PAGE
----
Wednesday, 15 February 2012

Porthtowan to Crantock

The Beach Hotel, Porthtowan. But a long walk down to the sand!

The heating failed overnight; the room was about the same temperature as out of doors. At breakfast the reason became apparent. The dining room had a prominent display of a planning application completely to rebuild the property. Apparently this had been rejected as originally submitted, and was due to be resubmitted with a simple change from hotel to residential use – but would actually become a time-share.
We left as soon as possible, at about 8:40. A long day lay ahead.
Porthtowan was without any form of mobile connection, and it proved impossible to save the previous day’s travel report until we were a mile out of town. This already seemed to have drained about 25% of the battery, which had been fully charged overnight.
St Agnes Head - turn sharp right
The first descent and ascent was after about 2km at Chapel Porth – virtually to sea level.  A long climb then to St Agnes Head, where the coast and path turned sharply right towards the East. Spectacular cliffs, with old mine workings evident everywhere. A hard stretch then at Trevaunance Cove. The first part was picturesque, but the beach was completely covered at high tide. Climb over Blue Hills, where I discovered that the bottom zips of my rucksack had come undone, and that my rain gear and towel had fallen out.  Fortunately a woman walking her dog alerted me to the fact, and I was able to recover the waterproof trousers and towel immediately, and the waterproof jacket after retracing my steps a couple of hundred metres. The rucksack cover, however, proved a total  loss. I think the cause must have been Richard inadvertently opening the zips when, at my request, unhitching my walking stick at my request. I had been too lazy to take off the rucksack: an error not to be repeated!
After the climb from the second part of the cove – where there was a visitor attraction where tin was still being extracted and sold as a memento – the rest of the clifftop walk to Perranporth was stunning. Striking mine buildings, old spoil tips, and wonderfully colourful cliffs. They look as it they have every kind of mineral – reds, yellows, greens and blues. Easy to imagine that this was a serious mining area. I had not recollected this from earlier visits to the area, but had obviously not explored this part of the coast.
Perranporth was much more developed than I had remembered. There were a number of hotels and apartment buildings around the mouth of the stream that flows into the bay, and it was much larger than I recollected from the 1980s. We crossed the stream, and called in at the Waterside Inn. An extremely welcome cappuccino followed, and we realised that we had already walked over ten miles since breakfast. The only disappointment – discovered only a mile later – was that Richard had left his walking staff at the café.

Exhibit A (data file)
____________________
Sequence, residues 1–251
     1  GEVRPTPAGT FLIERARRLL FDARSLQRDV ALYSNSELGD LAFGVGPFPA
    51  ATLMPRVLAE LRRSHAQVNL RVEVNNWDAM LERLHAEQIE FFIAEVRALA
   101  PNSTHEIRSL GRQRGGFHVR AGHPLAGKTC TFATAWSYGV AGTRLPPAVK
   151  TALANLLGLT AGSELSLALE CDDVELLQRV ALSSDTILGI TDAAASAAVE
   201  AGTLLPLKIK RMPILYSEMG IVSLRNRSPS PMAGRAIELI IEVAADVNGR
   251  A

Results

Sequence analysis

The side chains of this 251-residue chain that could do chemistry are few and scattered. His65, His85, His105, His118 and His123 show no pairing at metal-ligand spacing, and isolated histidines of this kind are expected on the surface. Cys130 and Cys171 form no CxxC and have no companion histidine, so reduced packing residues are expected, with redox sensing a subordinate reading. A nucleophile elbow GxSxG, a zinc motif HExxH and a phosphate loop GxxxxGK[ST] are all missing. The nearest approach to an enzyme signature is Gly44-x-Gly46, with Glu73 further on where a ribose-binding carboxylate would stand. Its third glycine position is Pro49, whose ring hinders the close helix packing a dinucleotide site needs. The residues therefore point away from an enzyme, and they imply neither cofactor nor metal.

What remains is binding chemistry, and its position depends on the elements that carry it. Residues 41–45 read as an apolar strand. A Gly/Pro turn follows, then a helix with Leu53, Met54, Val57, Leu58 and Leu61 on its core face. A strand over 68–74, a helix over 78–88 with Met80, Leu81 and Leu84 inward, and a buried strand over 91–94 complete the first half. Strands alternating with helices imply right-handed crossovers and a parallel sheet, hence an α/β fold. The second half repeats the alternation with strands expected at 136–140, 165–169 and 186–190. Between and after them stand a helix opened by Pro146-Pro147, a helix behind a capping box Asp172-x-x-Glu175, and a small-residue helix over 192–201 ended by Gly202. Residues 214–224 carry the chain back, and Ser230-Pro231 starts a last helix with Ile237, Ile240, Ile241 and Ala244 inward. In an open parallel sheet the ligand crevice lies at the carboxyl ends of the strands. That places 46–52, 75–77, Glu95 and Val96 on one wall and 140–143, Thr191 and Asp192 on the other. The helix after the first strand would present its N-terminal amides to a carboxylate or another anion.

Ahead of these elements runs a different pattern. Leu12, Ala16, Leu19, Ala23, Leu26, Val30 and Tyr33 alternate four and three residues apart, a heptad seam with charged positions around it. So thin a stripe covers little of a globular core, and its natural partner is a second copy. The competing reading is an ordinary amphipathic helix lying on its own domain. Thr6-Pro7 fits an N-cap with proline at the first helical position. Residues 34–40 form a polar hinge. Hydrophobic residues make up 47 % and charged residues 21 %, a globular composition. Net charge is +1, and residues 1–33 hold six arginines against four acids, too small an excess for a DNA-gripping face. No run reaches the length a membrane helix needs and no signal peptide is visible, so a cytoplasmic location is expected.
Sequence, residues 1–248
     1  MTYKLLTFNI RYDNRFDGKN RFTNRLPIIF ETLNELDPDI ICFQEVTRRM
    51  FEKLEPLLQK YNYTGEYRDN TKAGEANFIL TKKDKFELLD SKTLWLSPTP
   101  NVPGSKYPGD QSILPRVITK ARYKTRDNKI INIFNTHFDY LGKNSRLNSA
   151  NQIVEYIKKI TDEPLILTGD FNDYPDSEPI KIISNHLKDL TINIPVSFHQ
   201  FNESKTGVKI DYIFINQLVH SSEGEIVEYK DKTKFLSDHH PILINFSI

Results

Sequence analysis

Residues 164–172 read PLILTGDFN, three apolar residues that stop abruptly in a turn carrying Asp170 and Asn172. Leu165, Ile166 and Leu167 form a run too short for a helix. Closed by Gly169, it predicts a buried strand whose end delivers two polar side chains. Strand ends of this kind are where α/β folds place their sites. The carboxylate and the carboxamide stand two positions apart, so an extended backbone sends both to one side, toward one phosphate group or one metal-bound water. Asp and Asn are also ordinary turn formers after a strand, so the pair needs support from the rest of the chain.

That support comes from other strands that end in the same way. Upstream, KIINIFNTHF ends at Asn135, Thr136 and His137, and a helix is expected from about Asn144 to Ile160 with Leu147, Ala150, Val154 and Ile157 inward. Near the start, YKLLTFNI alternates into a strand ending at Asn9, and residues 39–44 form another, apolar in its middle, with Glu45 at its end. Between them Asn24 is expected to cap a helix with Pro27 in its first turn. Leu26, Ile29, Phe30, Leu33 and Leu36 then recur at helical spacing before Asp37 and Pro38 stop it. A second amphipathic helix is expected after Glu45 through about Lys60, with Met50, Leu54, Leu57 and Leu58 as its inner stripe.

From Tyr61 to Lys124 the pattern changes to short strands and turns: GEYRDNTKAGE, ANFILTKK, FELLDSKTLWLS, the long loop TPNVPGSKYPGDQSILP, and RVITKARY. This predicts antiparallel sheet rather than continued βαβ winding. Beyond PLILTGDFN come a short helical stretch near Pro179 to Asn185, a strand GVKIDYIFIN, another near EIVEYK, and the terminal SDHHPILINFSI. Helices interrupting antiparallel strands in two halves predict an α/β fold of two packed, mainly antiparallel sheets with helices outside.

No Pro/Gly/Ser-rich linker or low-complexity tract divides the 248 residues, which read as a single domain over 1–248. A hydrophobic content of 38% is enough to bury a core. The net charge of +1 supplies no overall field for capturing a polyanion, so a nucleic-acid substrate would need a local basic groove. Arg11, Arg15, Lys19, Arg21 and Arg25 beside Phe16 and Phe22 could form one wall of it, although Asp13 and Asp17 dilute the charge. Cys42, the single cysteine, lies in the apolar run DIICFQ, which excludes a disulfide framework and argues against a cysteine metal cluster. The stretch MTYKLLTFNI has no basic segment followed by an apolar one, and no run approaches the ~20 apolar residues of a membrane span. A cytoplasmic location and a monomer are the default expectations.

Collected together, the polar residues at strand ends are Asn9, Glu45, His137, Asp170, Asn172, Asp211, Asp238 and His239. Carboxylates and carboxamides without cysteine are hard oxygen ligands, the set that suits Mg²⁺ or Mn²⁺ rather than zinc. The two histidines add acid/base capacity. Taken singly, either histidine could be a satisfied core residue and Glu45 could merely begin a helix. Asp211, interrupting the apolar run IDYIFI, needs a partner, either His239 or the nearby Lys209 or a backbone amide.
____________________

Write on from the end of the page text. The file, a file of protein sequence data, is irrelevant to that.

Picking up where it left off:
Looking South across Perran Sands. 3 miles from Perranporth

There was then the long walk along Perran Sands. Fortunately the tide was out, so we did not have to divert inland over the huge dunes behind the sands. At the end we climbed up around the military training area at Penhale Camp – more undulating cliffs – before arriving at Holywell. Nothing here was open. Nowhere was it more evident that much of Cornwall closes for the winter. This is where we saw the last evidence of coastal mining.
Despite accumulating fifteen miles already, we decided to take the long coastal route to Crantock rather than cutting across the golf course, which had been the original short-cut option. It was well worth it. This area – Kelsey Head and Pentire Point West – is particularly beautiful, with smooth rabbit-cropped grass and great sea views. It was also the first time I had noticed sheep grazing since leaving Land’s end five days ago.  The crossing of Porth Joke was particularly attractive, with a low cliff of slate to clamber up on the far side, though only after getting one of my boots rather wet when wading the stream that runs across the sands.
A rare glimpse of sunshine - Crantock Dunes; Newquay behind
The last stretch was a very attractive drop in to Crantock beach, and a modest climb into the village itself. After the preponderance of awful, unattractive villages and interminable campsites this was a welcome change. The heart of the village is very pretty.
The best part was our B&B – Carden Cottage, right in the heart of the village, run by Bernard and Pat Clark, who had moved from Peckham to Cornwall fourteen years ago. Tea to welcome us, and the Clarks a charming couple who take a clear pride in their operation. Very comfortable rooms with en-suite facilities, at an extremely reasonable £40 a night (though Richard, booking later, had to pay £42!)
An early dinner at the Cornishman, an excellent local pub, and then back to our B&B.
The longest day, but certainly the best and most rewarding so far.  And to bed before ten (though disappointed beforehand to see Arsenal hammered 4‑0 by AC Milan at the San Siro!).

Cloudy; about 8C, still with strong Northerly wind. 30.4 km (estimated). Tracking could not start at outset because previous day’s trip was still to be saved, and battery exhausted by mid-afternoon.  Then said 22.5km; added 1.5 for early morning, and 6.4 for the last bit of the afternoon. 8 hrs 40 min (including half-hour break in Perranporth); 868m ascent; 866m descent. Plus 30/30 to get mobile reception and for dinner later.

Map -
(incomplete; insufficient battery to last all day)

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